‘Acharya’ movie review: A dated narrative that never takes off

Ram Charan and Chiranjeevi in ‘Acharya’

Had the story of Acharya been published in written form, it could have been a short fiction of a temple town with a mythical past. A temple dating back to 800 years is at the heart of two settlements — Dharmasthali and Padaghattam — flanked by a sparkling river and dense forests. As vested interests arise, people desperately try to hold on to hope; an unlikely saviour helps restore dharma. Such a story may not get old when passed on from one generation to another as a folk tale. As a mainstream film, it can get outdated. That’s precisely what happens to Acharya. Despite the presence of Chiranjeevi and Ram Charan and a whole lot of masala elements thrown in, it ends up as a dull film that never takes off.

Director Koratala Siva saves the best for the latter half, showcasing the camaraderie between Acharya (Chiranjeevi) and Siddha (Ram Charan). The former is a Naxalite while the latter has grown up in a gurukul. There is, of course, a backstory that connects these characters and makes Acharya hover protectively around Siddha. 

With the superstar father and son enacting these characters, there are the high moments of watching them pull off choreographed stunt sequences and dance in sync to the ‘Bhale bhale banjara’ song. There are moments when Chiranjeevi’s eyes swell with pride as he watches Ram Charan hold forth on what is right and wrong, and why he would go to any length to save someone of his ilk.

Cast: Chiranjeevi, Ram Charan, Pooja Hegde
Direction: Koratala Siva
Music: Mani Sharma

Ram Charan is at ease playing Siddha, bringing in an innate elegance for the part. After RRR, this is another film where he manages to emote with his eyes. Chiranjeevi proves yet again that he can still pull off a heroic character in his 60s, carrying himself with style and grace. He is not shown romancing a woman half his age, and that is a saving grace.

But then, all this never ever feels enough. Dharmasthali and its surrounding areas are visually gorgeous, thanks to production designer Suresh Selvarajan who creates a breathtaking fictional temple town and cinematographer S Thirunavukkarasu who captures it gloriously. The green foliage and kumkum reds contrasting the black temple stones make for an interesting visual tapestry. But how long can we soak in the milieu when the story fails to hold interest?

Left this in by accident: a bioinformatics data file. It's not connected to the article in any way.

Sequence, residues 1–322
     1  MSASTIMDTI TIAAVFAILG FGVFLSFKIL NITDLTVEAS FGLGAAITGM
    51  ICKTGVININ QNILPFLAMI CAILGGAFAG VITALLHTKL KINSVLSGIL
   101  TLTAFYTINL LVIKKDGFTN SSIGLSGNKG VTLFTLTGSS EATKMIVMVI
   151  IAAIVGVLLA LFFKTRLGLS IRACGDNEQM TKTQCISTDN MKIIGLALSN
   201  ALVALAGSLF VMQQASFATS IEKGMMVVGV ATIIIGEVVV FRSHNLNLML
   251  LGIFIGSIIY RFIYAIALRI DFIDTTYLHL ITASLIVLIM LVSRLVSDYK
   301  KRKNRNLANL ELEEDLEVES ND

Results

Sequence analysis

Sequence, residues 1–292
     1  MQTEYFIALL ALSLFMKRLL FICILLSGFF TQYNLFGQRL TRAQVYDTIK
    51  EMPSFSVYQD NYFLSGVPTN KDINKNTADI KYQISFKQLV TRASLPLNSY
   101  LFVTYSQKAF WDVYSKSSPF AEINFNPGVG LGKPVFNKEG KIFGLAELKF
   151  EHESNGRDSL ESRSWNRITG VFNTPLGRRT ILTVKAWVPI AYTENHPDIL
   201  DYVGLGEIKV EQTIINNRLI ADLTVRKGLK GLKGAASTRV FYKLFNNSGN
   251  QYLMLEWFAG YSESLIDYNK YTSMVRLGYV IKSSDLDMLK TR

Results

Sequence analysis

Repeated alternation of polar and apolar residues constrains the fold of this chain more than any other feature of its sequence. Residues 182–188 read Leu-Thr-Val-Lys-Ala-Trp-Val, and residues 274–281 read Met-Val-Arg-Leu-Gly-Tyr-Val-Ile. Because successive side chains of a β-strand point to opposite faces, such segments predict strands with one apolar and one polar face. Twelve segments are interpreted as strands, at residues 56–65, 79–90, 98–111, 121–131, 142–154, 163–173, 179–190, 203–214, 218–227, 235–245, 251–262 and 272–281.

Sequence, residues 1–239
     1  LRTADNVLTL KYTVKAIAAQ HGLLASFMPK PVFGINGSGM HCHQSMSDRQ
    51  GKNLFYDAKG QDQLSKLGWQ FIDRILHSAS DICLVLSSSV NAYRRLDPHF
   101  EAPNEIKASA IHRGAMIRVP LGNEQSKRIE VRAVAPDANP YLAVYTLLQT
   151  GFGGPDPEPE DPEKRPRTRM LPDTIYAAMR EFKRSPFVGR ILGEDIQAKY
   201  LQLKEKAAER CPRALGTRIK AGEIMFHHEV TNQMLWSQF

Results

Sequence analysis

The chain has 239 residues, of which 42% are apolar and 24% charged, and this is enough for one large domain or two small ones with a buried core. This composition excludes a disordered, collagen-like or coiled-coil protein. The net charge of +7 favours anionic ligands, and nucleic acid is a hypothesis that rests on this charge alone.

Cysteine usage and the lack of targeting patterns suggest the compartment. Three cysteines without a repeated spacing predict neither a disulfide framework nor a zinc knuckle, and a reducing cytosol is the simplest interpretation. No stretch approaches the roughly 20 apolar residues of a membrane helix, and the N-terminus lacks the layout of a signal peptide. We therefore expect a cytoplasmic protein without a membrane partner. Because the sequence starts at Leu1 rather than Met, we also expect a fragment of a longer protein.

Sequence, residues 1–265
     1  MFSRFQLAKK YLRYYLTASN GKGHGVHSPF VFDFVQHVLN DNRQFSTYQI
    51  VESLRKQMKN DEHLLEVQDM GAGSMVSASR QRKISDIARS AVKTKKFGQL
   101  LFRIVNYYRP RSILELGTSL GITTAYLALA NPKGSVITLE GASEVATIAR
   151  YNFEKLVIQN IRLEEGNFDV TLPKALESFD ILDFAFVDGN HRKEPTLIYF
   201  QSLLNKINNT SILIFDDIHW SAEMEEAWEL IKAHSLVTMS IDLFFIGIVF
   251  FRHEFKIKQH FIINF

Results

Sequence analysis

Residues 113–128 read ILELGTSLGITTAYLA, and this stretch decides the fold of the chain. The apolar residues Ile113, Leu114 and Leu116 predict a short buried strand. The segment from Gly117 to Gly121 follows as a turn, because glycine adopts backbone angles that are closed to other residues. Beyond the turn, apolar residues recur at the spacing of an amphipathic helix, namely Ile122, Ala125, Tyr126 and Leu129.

It is the same old set of situations — people at the mercy of greedy villains who nurture political ambitions. The people of Padaghattam, led by Ajay, get something better to do than the people of Dharmasthali, given their story about Ayurveda practice. Don’t ask how Dharmasthali and Padaghatam manage to remain cut off from the outside world though.

Acharya imparts one lesson after another through stunt sequences that appear dated by a decade or two. In fact, the masala segments in Koratala Siva’s earlier films were more entertaining.

Sonu Sood could have played the caricaturish Basava in his sleep. Jisshu Sengupta plays another villain without bringing in any nuance. Shouldering this film rests squarely on the shoulders of Chiranjeevi and Ram Charan, but there is nothing much they can do. Their contrasting ideologies also remain at a surface level. Siddha is better written than Acharya. You get an insight into the gurukul teaching that shaped Siddha, but it is very little about what Acharya and his Comrades are fighting for. A little depth would not have hurt.

The one who looks absolutely lost is Pooja Hegde. We get that this is a film powered by two A-list male stars, but the woman’s character can at least get closure for her journey. The makers deciding to do away with Kajal Aggarwal’s portions seems to be a good idea, given how little has gone into the characterisation of Pooja’s Neelambari. A whole lot of others come and go, without the scope to leave a mark. Acharya also needed a better musical score.

Chiranjeevi pushing a chariot, fighting and dancing in tandem with Ram Charan are the only high points. The VFX-enabled scene showing a young Chiranjeevi ends up as an experiment with an awkward result. 

As an afterthought, perhaps what makes Acharya appear all the more boring is its arrival barely weeks after RRR. While watching the ‘Bhale bhale banjara’ song and the forest stunt sequences, I could not help but be reminded of Rajamouli’s film, where these larger-than-life sequences were innovative and far more entertaining. Maybe it is unfair to draw such comparisons, but watching Charan in similar sequences, the RRR memory is tough to shake off so soon.

Our code of editorial values

Related Topics
  1. Comments will be moderated by The Hindu editorial team.
  2. Comments that are abusive, personal, incendiary or irrelevant cannot be published.
  3. Please write complete sentences. Do not type comments in all capital letters, or in all lower case letters, or using abbreviated text. (example: u cannot substitute for you, d is not 'the', n is not 'and').
  4. We may remove hyperlinks within comments.
  5. Please use a genuine email ID and provide your name, to avoid rejection.

Printable version | Apr 29, 2022 6:04:20 pm |